• Motorola Razr 2

Until the Motorola Razr reboot at the end of 2019, Motorola had gracefully bowed out of the flagship game. And with the brand reliably churning out excellent mid-range and cheap smartphones, we don’t expect it to make a dash for smartphone supremacy anytime soon.

In the new Razr, however, it’s built what is easily the most desirable folding smartphone we’ve seen, and despite its middling specs, the clamshell is far too expensive and far too big of a deal to not count as a flagship here.

Like the Samsung Galaxy Fold and the Huawei Mate X, the Razr has missed its original release date, but if it’s a hit when it does finally come out, we wouldn’t rule out the launch of a slicker successor in 2020.

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Nokia

  • Nokia 10

Just about still in the flagship game, Nokia is more focused on the middle and lower tiers of the market. 2019’s Nokia 9 PureView was its last flagship release, but it’s a level below the very best phones on the market. However, rumour has it that that hasn’t put Nokia off creating a successor.

OnePlus

  • OnePlus 8
  • OnePlus 8 Pro
  • OnePlus 8 Pro 5G
  • OnePlus 8T
  • OnePlus 8T Pro

Like Samsung, OnePlus had a much busier launch schedule than usual in 2019, scrapping its traditional two phones per year plan and releasing five instead. Chances are, it will stick with that plan this year, but may find room for a 5G version of the OnePlus 8T too − something that didn’t happen with the 7T series.

Oppo

  • Oppo Reno 10x Zoom successor

The Chinese firm isn’t very well-known in the UK yet, but its Oppo Reno 10x Zoom was one of the best phones of the year, and if Oppo keeps coming up with gems like that it won’t be long before it breaks into the mainstream. If the 10x Zoom gets a successor, we’ll have very high hopes indeed.

Samsung Galaxy S20 render | Image Credit: Cash Karo / OnLeaks

Samsung

  • Samsung Galaxy S20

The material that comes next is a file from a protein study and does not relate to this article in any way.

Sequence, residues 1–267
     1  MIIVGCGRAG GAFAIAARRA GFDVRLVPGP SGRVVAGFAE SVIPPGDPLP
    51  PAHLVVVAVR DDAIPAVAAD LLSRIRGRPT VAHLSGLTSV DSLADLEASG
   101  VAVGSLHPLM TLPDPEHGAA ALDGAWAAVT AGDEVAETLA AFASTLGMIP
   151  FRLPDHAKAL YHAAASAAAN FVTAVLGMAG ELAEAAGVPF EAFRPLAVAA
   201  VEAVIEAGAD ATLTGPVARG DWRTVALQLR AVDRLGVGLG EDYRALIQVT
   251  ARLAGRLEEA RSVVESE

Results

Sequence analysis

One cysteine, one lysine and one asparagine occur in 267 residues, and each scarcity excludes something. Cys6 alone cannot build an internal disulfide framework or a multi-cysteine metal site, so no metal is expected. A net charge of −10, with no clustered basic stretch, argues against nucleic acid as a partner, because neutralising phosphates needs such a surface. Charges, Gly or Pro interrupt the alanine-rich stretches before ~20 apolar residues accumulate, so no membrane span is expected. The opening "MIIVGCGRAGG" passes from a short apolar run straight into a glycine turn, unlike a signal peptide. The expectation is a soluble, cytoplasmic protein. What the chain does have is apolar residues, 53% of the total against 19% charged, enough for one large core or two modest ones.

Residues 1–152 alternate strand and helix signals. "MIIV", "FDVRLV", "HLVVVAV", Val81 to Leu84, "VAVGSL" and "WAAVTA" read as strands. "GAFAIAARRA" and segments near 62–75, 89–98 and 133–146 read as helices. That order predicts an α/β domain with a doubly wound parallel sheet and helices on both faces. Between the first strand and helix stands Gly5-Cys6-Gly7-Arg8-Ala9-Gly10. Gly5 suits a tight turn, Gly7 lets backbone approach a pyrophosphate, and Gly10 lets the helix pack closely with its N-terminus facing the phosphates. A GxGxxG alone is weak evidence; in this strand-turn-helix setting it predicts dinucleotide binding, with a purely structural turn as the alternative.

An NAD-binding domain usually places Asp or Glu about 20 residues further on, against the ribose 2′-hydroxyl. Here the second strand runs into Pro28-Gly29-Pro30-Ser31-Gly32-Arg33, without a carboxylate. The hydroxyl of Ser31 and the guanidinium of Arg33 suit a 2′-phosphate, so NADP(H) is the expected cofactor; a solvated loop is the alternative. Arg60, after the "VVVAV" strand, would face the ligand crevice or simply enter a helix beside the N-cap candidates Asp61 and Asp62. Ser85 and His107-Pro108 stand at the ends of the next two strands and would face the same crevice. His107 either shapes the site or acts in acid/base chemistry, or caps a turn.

• Samsung Galaxy S20 Plus
  • Samsung Galaxy S20 Plus 5G
  • Samsung Galaxy S20e
  • Samsung Galaxy S20 Lite
  • Samsung Galaxy Note 20
  • Samsung Galaxy Note 20 Plus
  • Samsung Galaxy Note 20 Plus 5G
  • Samsung Galaxy Note 20e
  • Samsung Galaxy Note 20 Lite
  • Samsung Galaxy Bloom

The length of that list speaks volumes. Samsung’s recent strategy of throwing as many variations of its main flagships at the market and seeing what sticks looks set to continue in 2020.

It blurred the lines between flagship and mid-ranger with the S10e, S10 Lite and Samsung Galaxy Note 10 Lite, which straddle both sides. Some would argue that those models aren’t “true” flagships, but I’m justifying their inclusion here by arguing that if they’re sold under the name of a flagship brand, they’re a part of that range.

After all, Samsung’s mid-range Galaxy A series is treated as a completely separate line.

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Sony

  • Xperia 1 successor
  • Xperia 5 successor

We’ve long given up trying to work out what Sony’s flagship strategy is, but 2019 should have gone down as a good year for the beloved brand, thanks to the impressive Sony Xperia 1 and Sony Xperia 5. We’d expect at least one of these two handsets to get a flagship-level successor in 2020.

Xiaomi

Like Oppo, the Xiaomi is well-known in tech circles, but yet to hit the big time. 2020 should be another year of progress for the Chinese firm, which has already announced (but not yet released) the Xiaomi Mi 10, which succeed the Xiaomi Mi 9. The Mi 9 is an affordable flagship, which received an astonishing full marks in our review.